Before I went down to the yard, I took the opportunity of a warm day to knock a small loaf of sourdough together. No yeast – just 2 cups of sourdough starter, 2 cups of bread flour, a little olive oil and water. After I kneaded it and put it in a greased loaf pan it looked like this. I covered it with a damp tea towel and left it to rise in the warm kitchen.

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Earlier this evening (about 6pm) just as I was about to put it in the oven it had risen to the top of the pan.

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And the finished loaf  ❤

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And this afternoon I pulled all my notes together for my last assignment, a treatment for a 16 page children’s picture book with instructions for the illustrations. Just as I finished the body of the book, I got a phone call from a friend who’s started keeping gorgeous little Netherland Dwarf bunnies – mini versions of my giant breeds. She had come home and found a tiny newborn in the middle of the floor!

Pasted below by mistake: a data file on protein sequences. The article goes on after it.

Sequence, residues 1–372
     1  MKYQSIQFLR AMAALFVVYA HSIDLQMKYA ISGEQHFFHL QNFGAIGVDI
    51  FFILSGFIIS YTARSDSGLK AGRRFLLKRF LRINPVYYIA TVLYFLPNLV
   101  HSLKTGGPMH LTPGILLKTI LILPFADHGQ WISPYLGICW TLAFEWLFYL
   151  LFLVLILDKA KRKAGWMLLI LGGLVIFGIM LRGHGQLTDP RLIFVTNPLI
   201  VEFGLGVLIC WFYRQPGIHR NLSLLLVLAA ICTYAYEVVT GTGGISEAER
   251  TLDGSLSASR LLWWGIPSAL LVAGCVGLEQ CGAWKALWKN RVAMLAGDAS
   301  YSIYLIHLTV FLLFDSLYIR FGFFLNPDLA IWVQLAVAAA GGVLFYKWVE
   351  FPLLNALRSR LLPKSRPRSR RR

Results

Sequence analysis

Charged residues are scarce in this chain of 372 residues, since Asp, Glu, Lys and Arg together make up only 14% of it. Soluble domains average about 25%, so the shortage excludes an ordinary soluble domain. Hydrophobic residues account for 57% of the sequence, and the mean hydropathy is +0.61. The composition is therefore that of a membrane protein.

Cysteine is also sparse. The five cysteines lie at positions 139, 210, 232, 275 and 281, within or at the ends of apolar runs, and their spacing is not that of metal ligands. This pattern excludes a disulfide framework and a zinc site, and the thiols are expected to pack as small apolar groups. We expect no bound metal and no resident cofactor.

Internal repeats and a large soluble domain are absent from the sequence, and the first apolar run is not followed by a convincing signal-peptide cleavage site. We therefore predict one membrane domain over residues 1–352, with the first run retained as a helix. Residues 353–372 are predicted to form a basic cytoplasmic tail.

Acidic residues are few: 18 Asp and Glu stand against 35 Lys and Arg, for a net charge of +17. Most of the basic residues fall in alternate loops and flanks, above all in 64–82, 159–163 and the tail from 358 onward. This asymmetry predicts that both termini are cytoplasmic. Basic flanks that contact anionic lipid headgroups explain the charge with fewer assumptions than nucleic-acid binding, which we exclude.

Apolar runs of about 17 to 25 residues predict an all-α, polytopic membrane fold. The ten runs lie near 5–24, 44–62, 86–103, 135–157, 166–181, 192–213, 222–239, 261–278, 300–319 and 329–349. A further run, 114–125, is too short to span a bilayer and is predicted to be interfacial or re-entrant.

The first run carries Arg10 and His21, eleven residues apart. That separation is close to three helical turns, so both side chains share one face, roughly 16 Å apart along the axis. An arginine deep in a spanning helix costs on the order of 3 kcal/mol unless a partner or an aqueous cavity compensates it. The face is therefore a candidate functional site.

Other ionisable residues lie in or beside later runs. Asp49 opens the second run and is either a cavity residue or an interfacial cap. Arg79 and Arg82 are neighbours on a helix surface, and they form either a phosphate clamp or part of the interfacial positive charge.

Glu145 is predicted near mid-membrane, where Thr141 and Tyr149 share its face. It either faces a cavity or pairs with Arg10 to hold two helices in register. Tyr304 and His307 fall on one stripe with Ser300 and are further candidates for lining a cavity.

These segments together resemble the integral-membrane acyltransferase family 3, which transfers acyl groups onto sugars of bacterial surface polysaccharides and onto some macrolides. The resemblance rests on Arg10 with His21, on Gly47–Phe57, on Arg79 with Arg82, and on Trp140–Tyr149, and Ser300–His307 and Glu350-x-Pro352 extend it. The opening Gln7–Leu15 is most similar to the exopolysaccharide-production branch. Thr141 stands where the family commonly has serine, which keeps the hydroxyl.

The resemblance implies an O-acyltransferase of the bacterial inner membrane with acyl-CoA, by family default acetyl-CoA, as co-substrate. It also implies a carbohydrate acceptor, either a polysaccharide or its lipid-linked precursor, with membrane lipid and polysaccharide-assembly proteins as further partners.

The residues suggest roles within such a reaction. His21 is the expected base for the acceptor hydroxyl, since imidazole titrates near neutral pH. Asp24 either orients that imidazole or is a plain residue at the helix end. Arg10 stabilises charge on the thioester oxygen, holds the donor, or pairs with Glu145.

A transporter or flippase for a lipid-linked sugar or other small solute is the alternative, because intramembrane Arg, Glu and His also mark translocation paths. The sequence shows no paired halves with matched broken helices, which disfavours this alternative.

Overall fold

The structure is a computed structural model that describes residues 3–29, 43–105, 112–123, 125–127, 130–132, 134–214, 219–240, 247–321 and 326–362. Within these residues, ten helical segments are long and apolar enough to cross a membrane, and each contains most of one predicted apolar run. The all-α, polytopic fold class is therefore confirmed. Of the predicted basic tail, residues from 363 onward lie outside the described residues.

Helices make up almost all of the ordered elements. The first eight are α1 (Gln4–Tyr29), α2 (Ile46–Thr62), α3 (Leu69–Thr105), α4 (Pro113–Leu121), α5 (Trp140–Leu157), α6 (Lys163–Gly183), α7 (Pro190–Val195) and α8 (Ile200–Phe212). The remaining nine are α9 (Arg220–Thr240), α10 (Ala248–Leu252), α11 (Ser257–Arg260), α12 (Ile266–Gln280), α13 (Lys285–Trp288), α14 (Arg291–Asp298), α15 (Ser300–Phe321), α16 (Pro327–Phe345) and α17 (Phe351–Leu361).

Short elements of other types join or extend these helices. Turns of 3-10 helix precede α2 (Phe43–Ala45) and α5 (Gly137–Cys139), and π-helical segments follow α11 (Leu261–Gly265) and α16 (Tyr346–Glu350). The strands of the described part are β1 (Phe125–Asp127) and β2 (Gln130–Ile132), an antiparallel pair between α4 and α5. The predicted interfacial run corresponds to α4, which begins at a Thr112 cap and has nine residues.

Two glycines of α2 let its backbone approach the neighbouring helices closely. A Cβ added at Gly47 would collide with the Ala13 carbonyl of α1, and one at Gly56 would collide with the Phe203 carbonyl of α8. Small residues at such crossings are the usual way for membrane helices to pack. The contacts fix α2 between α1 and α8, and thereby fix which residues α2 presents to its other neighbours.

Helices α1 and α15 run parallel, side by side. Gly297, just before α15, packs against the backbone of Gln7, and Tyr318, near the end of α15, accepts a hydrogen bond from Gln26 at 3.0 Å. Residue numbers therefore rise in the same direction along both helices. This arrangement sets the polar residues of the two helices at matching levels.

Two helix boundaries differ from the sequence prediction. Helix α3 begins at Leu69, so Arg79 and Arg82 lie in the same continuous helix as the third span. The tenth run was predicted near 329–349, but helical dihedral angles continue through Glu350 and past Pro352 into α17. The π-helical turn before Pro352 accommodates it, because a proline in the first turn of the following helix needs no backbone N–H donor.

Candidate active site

After carefully checking the newborn kit and making sure it was warm, she checked her two does, one of whom she’s only had a few weeks. I suggested her new girl might’ve come to her already pregnant, But it appears her other doe was really a buck! I’m happy to say mother and baby are doing well. Human mother has calmed down now and is doing a fabulous job for a first-timer 😀

It’s quite tricky to sex (identify the gender) of very young rabbits and this kind of mix up happens more often than most of us want to admit. I’ve been caught out before and I find it difficult to reliably tell under about 10 weeks.

For instance, Bernard Black came to us a couple of weeks ago as a fully weaned, 8 week old identified buck. The day he arrived I checked and think that’s probably correct but I couldn’t be 100% sure.